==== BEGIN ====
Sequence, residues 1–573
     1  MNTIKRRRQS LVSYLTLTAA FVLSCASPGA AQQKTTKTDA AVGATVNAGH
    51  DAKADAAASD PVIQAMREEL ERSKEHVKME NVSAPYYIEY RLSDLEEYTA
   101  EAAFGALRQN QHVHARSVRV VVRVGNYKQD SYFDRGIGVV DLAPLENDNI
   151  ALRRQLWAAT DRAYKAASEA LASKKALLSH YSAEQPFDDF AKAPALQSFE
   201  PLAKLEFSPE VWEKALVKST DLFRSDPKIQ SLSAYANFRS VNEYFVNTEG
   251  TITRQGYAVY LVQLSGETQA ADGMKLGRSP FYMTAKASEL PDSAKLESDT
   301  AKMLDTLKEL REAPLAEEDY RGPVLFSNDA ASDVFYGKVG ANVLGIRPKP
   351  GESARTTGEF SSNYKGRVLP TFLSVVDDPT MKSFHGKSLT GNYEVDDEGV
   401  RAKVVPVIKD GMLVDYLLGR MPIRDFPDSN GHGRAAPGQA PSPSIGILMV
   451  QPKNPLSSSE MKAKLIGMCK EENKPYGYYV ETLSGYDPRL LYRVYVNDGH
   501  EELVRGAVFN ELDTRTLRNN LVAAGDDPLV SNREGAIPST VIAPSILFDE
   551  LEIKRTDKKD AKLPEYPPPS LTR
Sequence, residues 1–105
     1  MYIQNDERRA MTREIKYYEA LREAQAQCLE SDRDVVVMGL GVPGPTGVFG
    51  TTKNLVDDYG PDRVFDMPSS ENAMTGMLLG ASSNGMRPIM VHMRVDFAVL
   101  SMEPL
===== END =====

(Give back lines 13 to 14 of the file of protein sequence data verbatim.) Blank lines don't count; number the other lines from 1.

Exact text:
   551  LEIKRTDKKD AKLPEYPPPS LTR
Sequence, residues 1–105